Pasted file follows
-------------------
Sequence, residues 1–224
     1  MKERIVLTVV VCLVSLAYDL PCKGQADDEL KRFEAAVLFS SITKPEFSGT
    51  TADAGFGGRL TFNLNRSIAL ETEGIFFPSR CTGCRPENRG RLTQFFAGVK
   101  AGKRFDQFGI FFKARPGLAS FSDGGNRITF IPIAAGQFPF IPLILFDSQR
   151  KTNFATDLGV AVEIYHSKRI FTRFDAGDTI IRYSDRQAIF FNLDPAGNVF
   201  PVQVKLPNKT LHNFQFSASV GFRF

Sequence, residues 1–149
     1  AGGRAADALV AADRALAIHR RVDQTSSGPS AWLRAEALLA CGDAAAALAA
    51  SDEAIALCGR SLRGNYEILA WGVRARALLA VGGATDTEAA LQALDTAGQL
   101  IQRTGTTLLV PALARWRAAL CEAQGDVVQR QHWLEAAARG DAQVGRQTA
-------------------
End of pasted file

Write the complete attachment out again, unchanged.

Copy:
Sequence, residues 1–224
     1  MKERIVLTVV VCLVSLAYDL PCKGQADDEL KRFEAAVLFS SITKPEFSGT
    51  TADAGFGGRL TFNLNRSIAL ETEGIFFPSR CTGCRPENRG RLTQFFAGVK
   101  AGKRFDQFGI FFKARPGLAS FSDGGNRITF IPIAAGQFPF IPLILFDSQR
   151  KTNFATDLGV AVEIYHSKRI FTRFDAGDTI IRYSDRQAIF FNLDPAGNVF
   201  PVQVKLPNKT LHNFQFSASV GFRF

Sequence, residues 1–149
     1  AGGRAADALV AADRALAIHR RVDQTSSGPS AWLRAEALLA CGDAAAALAA
    51  SDEAIALCGR SLRGNYEILA WGVRARALLA VGGATDTEAA LQALDTAGQL
   101  IQRTGTTLLV PALARWRAAL CEAQGDVVQR QHWLEAAARG DAQVGRQTA